Heidelberg astronomers have detected a planet orbiting its host star in its habitable zone just 30 light-years away. The discovery was made with measurements carried out with the spectrograph CARMENES, with which Spanish and German scientists have been searching for habitable planets since 2016. The study has now been published in "Astronomy & Astrophysics".
The new planet named "Wolf 1069 b" was discovered using the so-called radial velocity method. For this purpose, the periodic motion of the star and its planet around the common center of gravity is measured. The team of researchers led by Diana Kossakowski from the Max Planck Institute for Astronomy in Heidelberg observed the star regularly with CARMENES for almost four years. The instrument splits the star's light into its spectral colors. From the periodic shift of dark spectral lines that occurs when the star moves on its orbit towards or away from the observer on Earth, the planet was thus able to be detected indirectly. This is a kind of continuing the history of astronomy in Heidelberg, because the system's home star bears the name of Max Wolf, the founder and first director of the Landessternwarte on the top of Königstuhl mountain, who first catalogued and described the star in 1920.
"Wolf 1069 b orbits its star in just 15.6 days. In our solar system, this orbit would lie far within Mercury's orbit. However, since the star has only about one-sixth of the mass of the Sun, its luminosity is significantly lower than that of our Sun," explains co-author Dr. Jonas Kemmer, a scientist at the Königstuhl State Observatory, which belongs to the Center for Astronomy at Heidelberg University. "The conditions are so favourable that liquid water is possible to exist on the planet's surface. This is also referred to as a planet in the habitable zone."
Among other things, Dr. Kemmer supported the research team in modeling the data. In spring 2022, he completed his doctorate at the State Observatory on the search for low-mass planets around M stars.
Whether the planet is actually habitable, however, also depends on other factors that will be examined in more detail in a future study. Above all, the host star is hardly prone to solar storms, which makes an intact atmosphere of the planet more likely. In addition, initial simulations of the prevailing climate suggest that Wolf 1069 b could provide moderate temperatures and liquid water on the surface for a wide variety of atmospheric compositions and surface types.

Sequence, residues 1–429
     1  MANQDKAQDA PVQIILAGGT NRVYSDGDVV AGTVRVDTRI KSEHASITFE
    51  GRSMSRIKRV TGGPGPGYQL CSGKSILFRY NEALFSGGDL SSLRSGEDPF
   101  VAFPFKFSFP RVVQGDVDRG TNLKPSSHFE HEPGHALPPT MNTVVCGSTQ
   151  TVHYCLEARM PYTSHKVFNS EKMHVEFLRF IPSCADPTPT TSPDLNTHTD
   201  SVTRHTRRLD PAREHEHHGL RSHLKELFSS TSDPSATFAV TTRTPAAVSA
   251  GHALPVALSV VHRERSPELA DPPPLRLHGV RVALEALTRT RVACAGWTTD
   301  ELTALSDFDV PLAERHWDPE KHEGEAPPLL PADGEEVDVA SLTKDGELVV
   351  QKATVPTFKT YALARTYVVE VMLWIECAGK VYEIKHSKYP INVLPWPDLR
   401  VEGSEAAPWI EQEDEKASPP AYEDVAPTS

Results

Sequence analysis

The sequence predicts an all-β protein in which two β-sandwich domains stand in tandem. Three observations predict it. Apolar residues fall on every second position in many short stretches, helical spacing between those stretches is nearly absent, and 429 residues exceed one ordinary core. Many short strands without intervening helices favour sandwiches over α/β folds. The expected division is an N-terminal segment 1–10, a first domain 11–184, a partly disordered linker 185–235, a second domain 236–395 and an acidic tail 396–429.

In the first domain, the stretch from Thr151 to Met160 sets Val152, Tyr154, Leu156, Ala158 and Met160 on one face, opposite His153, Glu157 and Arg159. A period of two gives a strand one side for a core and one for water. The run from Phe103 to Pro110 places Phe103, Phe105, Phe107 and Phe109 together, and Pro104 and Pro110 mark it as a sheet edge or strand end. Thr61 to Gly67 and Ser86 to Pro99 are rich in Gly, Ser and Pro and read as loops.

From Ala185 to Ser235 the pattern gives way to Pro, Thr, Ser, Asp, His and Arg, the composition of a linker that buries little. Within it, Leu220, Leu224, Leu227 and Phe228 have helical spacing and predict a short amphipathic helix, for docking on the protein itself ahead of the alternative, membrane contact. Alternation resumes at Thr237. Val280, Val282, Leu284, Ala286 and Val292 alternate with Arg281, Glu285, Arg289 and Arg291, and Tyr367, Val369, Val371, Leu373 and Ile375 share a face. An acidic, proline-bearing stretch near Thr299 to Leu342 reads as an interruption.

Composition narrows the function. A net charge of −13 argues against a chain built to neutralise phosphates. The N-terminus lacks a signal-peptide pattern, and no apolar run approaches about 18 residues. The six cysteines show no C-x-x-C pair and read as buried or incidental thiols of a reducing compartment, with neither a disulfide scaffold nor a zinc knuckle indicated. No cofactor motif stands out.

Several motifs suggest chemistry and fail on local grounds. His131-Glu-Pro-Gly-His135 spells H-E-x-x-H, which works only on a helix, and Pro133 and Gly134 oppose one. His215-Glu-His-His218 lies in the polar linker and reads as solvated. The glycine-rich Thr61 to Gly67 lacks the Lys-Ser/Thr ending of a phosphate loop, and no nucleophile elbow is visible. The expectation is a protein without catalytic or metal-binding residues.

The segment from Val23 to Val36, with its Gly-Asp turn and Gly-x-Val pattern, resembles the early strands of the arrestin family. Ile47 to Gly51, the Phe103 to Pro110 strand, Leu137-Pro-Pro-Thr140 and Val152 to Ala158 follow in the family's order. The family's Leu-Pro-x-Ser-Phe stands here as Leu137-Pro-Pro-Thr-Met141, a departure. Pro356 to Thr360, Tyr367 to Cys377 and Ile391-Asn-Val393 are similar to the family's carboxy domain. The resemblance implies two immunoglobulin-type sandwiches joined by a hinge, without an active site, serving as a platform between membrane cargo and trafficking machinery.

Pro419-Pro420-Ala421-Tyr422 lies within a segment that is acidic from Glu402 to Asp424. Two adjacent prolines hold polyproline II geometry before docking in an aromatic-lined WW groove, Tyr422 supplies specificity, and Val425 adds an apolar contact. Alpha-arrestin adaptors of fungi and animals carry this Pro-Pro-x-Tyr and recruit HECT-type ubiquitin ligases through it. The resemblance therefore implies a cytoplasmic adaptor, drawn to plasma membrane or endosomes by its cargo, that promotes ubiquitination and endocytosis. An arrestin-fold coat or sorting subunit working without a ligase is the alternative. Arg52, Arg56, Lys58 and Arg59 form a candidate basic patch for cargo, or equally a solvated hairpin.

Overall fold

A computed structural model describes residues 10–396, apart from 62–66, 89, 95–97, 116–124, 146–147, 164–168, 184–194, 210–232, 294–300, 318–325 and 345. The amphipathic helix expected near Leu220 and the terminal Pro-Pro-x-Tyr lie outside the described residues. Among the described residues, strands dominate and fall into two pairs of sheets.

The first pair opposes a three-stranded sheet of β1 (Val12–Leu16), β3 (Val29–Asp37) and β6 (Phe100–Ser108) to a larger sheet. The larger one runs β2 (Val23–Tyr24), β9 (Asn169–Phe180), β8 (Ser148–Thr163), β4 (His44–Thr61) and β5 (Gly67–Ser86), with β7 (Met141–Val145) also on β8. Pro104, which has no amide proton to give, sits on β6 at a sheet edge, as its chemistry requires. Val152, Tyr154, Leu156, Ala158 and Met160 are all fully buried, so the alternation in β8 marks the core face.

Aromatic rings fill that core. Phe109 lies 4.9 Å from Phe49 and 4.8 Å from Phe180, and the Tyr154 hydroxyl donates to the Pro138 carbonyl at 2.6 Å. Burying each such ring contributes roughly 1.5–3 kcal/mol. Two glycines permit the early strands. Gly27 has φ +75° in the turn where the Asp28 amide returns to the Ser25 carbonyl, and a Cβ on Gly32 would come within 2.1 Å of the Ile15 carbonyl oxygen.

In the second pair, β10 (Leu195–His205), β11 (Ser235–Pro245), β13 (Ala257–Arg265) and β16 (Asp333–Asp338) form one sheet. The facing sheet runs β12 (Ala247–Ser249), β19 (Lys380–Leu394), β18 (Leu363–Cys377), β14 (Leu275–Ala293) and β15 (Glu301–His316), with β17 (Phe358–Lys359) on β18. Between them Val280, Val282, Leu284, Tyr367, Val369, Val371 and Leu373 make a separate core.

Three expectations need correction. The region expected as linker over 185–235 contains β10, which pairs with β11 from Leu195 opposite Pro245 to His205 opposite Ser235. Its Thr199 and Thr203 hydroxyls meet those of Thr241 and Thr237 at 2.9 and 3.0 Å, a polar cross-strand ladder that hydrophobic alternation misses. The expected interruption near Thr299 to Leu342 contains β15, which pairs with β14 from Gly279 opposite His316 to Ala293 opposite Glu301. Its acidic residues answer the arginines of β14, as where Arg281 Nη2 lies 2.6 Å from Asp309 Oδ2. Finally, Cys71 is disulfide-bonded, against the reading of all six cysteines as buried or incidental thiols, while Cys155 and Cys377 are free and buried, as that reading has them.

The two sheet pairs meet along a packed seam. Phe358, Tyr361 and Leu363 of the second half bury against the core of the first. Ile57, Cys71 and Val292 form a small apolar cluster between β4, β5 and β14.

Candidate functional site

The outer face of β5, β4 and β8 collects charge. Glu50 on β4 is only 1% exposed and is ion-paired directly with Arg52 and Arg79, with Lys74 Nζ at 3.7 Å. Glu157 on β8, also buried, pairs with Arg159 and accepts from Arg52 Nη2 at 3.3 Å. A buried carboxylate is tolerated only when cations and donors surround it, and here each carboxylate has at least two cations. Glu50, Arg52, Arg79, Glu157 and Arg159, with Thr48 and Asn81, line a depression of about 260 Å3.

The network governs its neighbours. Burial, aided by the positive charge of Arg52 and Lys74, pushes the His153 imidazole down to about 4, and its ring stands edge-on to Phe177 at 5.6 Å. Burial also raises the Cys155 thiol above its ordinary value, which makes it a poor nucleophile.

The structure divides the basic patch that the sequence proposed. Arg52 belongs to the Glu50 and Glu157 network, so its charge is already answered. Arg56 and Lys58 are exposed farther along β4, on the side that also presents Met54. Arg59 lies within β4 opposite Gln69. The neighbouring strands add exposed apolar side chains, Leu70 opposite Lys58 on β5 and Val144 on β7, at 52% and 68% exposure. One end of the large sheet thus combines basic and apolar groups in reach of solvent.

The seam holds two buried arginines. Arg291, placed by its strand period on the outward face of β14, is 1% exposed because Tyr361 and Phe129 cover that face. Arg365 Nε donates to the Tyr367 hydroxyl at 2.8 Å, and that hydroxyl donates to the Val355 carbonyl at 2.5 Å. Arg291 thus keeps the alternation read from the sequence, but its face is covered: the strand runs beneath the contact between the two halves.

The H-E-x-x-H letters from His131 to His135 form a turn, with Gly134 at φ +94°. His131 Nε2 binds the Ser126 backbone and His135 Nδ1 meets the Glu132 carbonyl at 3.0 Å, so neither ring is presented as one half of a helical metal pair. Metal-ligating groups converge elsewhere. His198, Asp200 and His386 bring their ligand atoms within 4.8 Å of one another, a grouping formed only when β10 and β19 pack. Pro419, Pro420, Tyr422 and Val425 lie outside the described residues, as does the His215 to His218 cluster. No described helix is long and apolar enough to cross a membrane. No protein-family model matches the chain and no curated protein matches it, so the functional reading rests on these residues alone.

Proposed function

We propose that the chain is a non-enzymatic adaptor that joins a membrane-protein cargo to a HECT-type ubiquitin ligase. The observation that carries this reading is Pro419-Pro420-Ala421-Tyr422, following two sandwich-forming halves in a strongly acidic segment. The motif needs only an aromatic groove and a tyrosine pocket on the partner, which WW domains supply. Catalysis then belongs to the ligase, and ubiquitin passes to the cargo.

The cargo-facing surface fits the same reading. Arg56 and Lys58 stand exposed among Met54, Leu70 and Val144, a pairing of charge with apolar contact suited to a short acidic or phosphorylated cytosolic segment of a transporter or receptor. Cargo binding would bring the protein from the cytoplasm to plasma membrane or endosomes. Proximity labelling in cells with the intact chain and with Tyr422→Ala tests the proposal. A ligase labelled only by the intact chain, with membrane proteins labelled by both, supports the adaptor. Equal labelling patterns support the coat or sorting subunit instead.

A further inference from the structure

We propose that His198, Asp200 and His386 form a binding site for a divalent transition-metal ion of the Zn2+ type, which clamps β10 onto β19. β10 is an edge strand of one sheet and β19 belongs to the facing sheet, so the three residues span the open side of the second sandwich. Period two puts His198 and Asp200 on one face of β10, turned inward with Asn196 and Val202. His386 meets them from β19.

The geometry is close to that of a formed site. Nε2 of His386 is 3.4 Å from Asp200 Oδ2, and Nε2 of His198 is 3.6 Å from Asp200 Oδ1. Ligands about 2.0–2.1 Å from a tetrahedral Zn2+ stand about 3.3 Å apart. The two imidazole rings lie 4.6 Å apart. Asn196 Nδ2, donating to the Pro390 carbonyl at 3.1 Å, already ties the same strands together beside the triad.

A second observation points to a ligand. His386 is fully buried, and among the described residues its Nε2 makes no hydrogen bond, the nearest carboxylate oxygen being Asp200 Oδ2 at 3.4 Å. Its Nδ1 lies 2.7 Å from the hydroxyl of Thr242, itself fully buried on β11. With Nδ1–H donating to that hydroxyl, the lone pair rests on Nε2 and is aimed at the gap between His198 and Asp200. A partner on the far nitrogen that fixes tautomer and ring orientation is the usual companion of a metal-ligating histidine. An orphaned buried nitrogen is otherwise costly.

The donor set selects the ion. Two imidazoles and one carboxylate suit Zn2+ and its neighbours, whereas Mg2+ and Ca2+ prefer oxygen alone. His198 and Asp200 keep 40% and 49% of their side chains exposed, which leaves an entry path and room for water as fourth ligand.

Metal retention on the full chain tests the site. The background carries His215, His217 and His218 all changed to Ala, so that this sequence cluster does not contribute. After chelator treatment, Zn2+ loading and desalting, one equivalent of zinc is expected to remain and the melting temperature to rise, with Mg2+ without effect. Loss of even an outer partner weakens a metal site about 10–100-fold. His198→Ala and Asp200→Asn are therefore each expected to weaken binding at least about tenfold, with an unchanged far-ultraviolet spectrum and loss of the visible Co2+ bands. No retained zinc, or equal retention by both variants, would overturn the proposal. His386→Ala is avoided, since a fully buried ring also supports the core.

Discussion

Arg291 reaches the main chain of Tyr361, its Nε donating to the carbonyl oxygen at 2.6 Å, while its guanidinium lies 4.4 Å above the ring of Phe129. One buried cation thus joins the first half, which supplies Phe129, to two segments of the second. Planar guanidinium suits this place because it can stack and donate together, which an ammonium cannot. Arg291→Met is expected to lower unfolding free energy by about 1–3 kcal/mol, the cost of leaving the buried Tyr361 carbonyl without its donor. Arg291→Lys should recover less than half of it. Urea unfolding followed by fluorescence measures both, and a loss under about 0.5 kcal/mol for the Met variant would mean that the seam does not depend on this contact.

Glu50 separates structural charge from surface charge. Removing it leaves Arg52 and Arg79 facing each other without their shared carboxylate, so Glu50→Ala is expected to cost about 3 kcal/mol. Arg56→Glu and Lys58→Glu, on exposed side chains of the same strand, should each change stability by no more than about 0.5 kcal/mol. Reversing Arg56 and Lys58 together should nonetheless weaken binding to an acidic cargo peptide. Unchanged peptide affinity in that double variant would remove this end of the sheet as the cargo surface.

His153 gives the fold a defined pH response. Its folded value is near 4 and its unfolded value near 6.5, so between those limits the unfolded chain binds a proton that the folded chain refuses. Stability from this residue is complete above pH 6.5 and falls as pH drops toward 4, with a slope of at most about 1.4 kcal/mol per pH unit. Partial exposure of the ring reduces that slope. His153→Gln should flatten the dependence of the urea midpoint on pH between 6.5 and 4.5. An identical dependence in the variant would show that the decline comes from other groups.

Such planets in the habitable zone are interesting for scientists who deal with the formation of Earth-like planets. Contrary to the prediction of current models, however, there seem to be no other planets with similar mass and orbital period in this system apart from Wolf 1069 b. The authors of the study explain this by the fact that major collisions between protoplanets could have occurred in the late formation phase of the planetary system and only Wolf 1069 b survived this. The high accuracy of the radial velocity measurements, which is possible due to the low activity of the host star, makes the system particularly suitable for ruling out the presence of other previously undiscovered planets and thus testing this hypothesis. "The next-generation instruments that are currently being developed and built will help us. With them, it will also be possible to discover even more potentially life-friendly worlds like Wolf 1069 b," concludes Diana Kossakowsk. She and her team are excited and looking forward to seeing what other fascinating planets they will find in the future.
The CARMENES search for exoplanets around M dwarfs, D. Kossakowski, M. Kürster, T. Trifonov, Th. Henning, J. Kemmer et al., Astronomy & Astrophysics, 2023, DOI https://doi.org/10.1051/0004-6361/202245322
CARMENES is a novel astronomical instrument that can be used to detect Earth-like planets around low-mass stars. It is used at the 3.5-metre reflecting telescope of the Calar Alto Observatory near Almería in southern Spain. The highly complex device was planned and built by an international consortium of eleven German and Spanish institutions. Above all, scientists from the Landessternwarte are significantly involved in the construction and operation. They have built one of the two CARMENES spectrographs and are now responsible, among other things, for continuously monitoring and improving the quality of the data. Since 2016, German and Spanish scientists have been using CARMENES to search for planets around stars near the Sun. Cooperation partners are the universities of Göttingen, Hamburg and Heidelberg, the Max Planck Institute for Astronomy in Heidelberg, the Thuringian State Observatory Tautenburg, the Instituto de Astrofísica de Andalucía, the Institut de Ciències de l'Espai in Barcelona, the Instituto de Astrofísica de Canarias, the Universidad Complutense de Madrid, the Centro de Astrobiología Madrid, and the Centro Astronómico Hispano-Alemán (CAHA, Calar Alto Observatiorium). With the planet now discovered, the number of their new discoveries has risen to 33. Heidelberg University's participation in CARMENES was funded by the State of Baden-Württemberg, the German Research Foundation and the Klaus Tschira Foundation.
RELATED MEDIA INFORMATION
Press release of MPIA: https://www.mpia.de/aktuelles/wissenschaft/2023-02-wolf1069b
Homepage of the Landessternwarte Königstuhl: www.lsw.uni-heidelberg.de
Homepage of CARMENES Consortium: https://carmenes.caha.es
Dr. Jonas Kemmer
Centre for Astronomy of Heidelberg University (ZAH)
Landessternwarte Königstuhl (LSW)